Establishing Financial Goals in 2018

Establishing Financial Goals in 2018

By: Olivia Symone (@iamoliviasymone)


Okay, let's be honest! This year alone we have watched so many people make money. Not to say that everybody desires to have that much money (and we’re talking “Beyoncé money” …no better yet “50 Cent money” after signing an eight-figure contract with Starz), but it does put pressure on the amount of money we make now, and how much of it we spend wisely.

We all have goals for 2018, so let’s make being financially responsible (and literate) one of them! Saving, investing and spending, all come with a price. Everyone won’t invest in stocks, and most people don’t have a hefty savings account; but, there are a few tricks and tips I have for the person who wants to learn more about finances. These tips and tricks will help you be aware of the best ways to stay financially sound throughout 2018.

Have an Emergency Fund (of at least $1,000)

The normal emergency fund should be six months of living expenses. Although it can take years to develop that amount of money into a savings account, it is a possibility ($1,000 is the prime amount to get started).  Once you have reached the thousand-dollar goal, then work on the six-month fund. A couple ways to save without thinking about it are keep the change features at some banks, where they round up your purchases and puts the difference in your savings, or apps like “Digit,” who automatically save on your behalf based on your spending.

Get Serious About Retirement

Talk to your current employer about retirement. If you’re unsure if you’re enrolled in your job’s retirement plan, more than likely your Human Resource team enrolled you at the base percentage. If they did, that’s great, but if you can afford to bump up your percentage by one or two, take full advantage of it. Majority of the time, money saved through a retirement plan is pre-taxed and fall within companies matching agreement (where they match whatever you save by a certain percentage).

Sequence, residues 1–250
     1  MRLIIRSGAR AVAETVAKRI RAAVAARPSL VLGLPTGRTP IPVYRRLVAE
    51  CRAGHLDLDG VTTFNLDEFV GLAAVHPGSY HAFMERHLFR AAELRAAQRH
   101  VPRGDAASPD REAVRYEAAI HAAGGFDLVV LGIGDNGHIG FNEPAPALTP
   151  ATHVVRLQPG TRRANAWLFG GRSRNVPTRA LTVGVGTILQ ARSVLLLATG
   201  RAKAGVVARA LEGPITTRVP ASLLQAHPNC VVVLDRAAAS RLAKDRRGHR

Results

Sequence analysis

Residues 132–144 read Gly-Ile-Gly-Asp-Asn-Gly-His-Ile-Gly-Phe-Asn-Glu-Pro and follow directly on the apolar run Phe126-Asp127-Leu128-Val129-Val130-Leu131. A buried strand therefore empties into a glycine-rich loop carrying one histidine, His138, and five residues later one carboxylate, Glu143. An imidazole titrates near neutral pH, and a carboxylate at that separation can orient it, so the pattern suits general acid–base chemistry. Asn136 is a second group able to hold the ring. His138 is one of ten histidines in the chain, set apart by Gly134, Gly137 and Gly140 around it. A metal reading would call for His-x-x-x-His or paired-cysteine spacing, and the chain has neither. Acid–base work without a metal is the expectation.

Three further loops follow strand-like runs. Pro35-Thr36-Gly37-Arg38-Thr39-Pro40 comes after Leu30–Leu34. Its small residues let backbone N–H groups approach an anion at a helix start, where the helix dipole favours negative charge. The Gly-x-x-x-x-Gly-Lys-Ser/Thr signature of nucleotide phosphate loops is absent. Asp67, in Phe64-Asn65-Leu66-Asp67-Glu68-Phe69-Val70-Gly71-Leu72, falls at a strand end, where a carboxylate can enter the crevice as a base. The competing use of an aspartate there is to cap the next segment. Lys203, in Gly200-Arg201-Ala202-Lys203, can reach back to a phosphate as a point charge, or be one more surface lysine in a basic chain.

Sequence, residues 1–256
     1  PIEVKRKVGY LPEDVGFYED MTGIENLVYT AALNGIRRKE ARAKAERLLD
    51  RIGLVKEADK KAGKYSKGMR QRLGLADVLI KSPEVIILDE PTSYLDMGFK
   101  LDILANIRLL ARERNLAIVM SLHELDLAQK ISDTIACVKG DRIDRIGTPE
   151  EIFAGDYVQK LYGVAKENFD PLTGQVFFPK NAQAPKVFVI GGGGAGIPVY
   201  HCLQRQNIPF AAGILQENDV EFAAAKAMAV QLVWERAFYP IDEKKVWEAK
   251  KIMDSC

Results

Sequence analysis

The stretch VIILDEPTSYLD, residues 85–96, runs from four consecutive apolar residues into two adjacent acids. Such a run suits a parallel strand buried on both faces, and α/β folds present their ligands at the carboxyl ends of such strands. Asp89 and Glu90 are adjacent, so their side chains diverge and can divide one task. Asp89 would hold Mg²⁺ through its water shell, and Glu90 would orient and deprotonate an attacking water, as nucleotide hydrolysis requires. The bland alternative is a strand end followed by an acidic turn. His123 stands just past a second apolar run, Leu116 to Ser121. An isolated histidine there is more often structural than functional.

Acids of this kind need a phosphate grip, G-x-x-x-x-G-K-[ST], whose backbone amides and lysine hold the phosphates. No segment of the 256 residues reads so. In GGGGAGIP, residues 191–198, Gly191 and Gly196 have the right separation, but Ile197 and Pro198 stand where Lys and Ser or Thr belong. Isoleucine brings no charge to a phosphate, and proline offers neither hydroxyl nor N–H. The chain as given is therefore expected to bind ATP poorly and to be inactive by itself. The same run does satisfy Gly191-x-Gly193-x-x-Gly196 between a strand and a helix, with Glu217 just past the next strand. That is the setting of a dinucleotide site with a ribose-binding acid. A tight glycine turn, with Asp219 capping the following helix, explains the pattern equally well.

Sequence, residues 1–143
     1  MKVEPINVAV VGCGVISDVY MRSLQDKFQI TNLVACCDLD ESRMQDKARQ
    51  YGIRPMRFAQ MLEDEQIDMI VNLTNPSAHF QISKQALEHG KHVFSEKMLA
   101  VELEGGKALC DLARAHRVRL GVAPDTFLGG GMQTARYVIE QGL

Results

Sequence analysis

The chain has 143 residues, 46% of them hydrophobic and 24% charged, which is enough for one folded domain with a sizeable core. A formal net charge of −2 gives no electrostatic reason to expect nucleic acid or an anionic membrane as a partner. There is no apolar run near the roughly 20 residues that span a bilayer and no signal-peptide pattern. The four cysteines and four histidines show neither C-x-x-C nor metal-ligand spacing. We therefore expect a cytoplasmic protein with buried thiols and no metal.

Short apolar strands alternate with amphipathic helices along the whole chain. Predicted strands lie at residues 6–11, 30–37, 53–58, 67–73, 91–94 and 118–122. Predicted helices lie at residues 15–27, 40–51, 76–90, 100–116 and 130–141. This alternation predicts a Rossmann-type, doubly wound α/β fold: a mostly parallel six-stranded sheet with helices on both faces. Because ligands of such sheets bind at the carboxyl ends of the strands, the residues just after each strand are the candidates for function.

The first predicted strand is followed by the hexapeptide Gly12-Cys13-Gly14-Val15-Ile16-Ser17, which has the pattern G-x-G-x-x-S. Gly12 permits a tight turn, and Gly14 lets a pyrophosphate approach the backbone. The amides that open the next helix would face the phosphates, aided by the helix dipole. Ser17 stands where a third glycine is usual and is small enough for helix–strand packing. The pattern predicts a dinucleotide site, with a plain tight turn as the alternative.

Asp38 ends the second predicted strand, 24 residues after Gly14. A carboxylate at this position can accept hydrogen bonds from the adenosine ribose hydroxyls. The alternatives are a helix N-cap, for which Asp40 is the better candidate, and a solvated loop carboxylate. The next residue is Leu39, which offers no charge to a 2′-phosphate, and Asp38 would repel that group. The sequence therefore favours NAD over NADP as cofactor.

Lower Debt Balances

For those of us with credit card debt, we know how this can be a burden. One alternative to putting energy into paying everything off is putting energy into getting all your balances to under thirty percent of your balance. Although lowering your debt amount will take time and dedication, when you succeed you will quickly see the benefits in the form of a better credit score, and more financial opportunities when looking to purchase a home, new care, or secure an apartment.

One tip that helped me, is putting an extra $20-30 into a card every week. This trick helps the interest fees and gets you one step closure to playing down your balance. During this challenge to lower debt, be sure to keep track of your credit score. There are so many websites, FREE, that will tell you your credit score and even give you suggestions on how to improve them. Another way is through your bank. Most institutions have your credit score available via the website or mobile app. A few websites I’ve used are Experian, Credit Karma, and Credit Sesame.


Now, we’ve reached the final step…budgeting. Now to me, budgeting is just like dieting; it feels like you’re depriving yourself of what you really want, but that’s not true. It may take a slight mindset shift to no longer find value in living beyond your means or splurging on things you don’t need, but it’s worth it if you can. There are plenty of apps and creative ways to put money away and feel good about it.

In 2018, I plan to start using the cash envelope method. This is where you can put cash in envelopes for certain things like hair, groceries, etc. This is a strict way to only use what you allotted, any extra goes straight to the savings. Another way is getting a notebook and literally just doing checks and balances (this is more for the traditional budgeter). If you’re more of a “techy,” there’s a mobile app called “Mint” that helps with staying on top of budgets and bills, as well as spending power.

Trust me, I get it when it comes to talking about finances because let’s face it, finances can be a hard topic to discuss. Whether we like or not, in combination with other things, money is one of the most important necessities we have. If we mismanage it, we can literally ruin our lives, but if we really take the time to build it, and get knowledgeable about it, it can set us up for great success. With that said, let’s use 2018 as the start to financial freedom, and new spending habits. Happy Saving!